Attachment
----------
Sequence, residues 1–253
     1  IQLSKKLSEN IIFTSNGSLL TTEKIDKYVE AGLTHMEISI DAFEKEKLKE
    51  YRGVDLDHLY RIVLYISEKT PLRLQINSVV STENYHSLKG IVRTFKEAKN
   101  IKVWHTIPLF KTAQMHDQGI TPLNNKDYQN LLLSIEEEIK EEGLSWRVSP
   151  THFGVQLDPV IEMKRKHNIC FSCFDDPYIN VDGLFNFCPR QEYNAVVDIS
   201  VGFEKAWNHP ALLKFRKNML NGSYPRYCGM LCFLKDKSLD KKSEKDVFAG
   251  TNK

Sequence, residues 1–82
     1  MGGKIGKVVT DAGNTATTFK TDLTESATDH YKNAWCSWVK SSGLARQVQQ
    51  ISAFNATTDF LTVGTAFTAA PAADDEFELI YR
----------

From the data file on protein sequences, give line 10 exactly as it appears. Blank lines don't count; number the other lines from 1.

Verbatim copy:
    51  ISAFNATTDF LTVGTAFTAA PAADDEFELI YR